The county only has around 10 deputies to patrol dozens of isolated small towns dotted across its 3,200 square miles of rugged timber lands, according to Groves.
The county is plagued by a high crime rate. The Trinity County Sheriff’s Department saw more violent crimes in 2017 than during any year since 1997, according to the latest figures from the state Department of Justice.
The county has also has suffered from a series of large wildfires the past two summers.
Groves said Haney’s absence this summer was especially felt when those fires moved close to homes, threatening lives and property.
“We are severely understaffed and every body counts,” Groves said.
Under Haney’s tenure, Trinity County faced a high-profile lawsuit over its handling of a 911 call in 2011 when a couple was violently attacked after a deputy asked them to check on a neighbor in their remote town. The deputy was hours away in Weaverville. The case was featured this summer in a Sacramento Bee investigation that uncovered how a dangerous lack of law enforcement staffing was plaguing much of rural California.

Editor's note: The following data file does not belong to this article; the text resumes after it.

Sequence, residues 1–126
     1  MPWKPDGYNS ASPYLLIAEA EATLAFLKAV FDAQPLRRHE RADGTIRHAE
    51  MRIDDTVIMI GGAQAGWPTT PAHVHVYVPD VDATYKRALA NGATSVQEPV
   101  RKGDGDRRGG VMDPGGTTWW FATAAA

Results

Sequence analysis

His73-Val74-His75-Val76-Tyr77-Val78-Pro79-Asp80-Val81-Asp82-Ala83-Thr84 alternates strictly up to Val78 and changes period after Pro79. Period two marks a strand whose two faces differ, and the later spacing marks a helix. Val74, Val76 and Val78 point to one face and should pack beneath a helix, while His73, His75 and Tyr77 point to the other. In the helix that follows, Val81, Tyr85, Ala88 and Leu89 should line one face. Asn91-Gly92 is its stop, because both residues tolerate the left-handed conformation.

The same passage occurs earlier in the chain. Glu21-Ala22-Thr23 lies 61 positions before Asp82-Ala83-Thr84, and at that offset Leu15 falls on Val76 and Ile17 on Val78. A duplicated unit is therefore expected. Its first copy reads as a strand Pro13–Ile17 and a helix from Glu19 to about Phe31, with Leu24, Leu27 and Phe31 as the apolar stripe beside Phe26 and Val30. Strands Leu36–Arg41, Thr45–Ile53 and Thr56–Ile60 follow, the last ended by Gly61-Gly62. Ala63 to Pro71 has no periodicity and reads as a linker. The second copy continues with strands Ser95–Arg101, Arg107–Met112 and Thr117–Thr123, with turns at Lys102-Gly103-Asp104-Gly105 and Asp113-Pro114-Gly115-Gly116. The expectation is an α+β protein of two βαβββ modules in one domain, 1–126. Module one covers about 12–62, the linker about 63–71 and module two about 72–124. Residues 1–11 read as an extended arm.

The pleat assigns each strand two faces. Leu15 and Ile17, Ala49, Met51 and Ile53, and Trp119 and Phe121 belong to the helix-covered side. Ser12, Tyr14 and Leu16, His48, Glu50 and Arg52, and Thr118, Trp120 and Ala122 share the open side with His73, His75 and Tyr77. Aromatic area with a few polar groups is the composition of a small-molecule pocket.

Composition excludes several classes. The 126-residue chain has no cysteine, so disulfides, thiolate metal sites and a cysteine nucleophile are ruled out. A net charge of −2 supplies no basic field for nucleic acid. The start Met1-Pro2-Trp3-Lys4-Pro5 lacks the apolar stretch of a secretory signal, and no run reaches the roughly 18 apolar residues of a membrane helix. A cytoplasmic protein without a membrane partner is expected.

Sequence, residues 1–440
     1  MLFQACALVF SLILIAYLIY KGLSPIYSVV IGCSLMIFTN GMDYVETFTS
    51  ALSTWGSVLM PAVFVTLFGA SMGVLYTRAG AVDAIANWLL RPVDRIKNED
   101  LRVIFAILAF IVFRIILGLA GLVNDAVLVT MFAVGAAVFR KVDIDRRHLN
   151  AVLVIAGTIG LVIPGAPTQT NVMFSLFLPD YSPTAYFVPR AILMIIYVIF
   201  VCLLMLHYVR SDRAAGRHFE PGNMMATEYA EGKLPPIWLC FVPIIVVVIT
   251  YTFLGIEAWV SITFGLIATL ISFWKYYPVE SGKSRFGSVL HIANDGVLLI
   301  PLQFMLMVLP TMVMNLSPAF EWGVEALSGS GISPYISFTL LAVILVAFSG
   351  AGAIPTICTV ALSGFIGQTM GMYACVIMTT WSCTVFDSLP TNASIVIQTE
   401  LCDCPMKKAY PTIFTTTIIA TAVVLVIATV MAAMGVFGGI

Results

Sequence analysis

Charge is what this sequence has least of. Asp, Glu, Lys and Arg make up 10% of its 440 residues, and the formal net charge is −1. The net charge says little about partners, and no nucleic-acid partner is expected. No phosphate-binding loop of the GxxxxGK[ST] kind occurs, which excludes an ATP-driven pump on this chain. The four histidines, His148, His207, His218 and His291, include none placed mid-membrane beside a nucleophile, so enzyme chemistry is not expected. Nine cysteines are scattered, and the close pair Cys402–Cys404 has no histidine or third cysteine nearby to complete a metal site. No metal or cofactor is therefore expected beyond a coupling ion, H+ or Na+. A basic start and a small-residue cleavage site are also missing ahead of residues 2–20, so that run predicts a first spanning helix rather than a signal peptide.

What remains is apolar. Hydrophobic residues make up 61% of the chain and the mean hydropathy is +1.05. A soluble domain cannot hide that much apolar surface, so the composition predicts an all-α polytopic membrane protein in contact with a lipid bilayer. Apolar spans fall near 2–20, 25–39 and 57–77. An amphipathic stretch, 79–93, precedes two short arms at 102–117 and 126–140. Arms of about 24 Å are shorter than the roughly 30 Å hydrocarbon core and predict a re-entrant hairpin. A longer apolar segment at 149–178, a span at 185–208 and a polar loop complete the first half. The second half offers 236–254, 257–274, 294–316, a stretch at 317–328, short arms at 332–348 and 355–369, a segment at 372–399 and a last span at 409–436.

Larry Winter, a resident of the small community of Hyampom, said the lack of law enforcement in the county is a longstanding problem.
Last week, a woman he described as mentally ill lit a fire in a neighbor’s yard, he said. The sheriff’s office told callers no deputy was available to investigate, Winter said.
“They couldn’t respond,” Winter said. “They had nobody to respond.”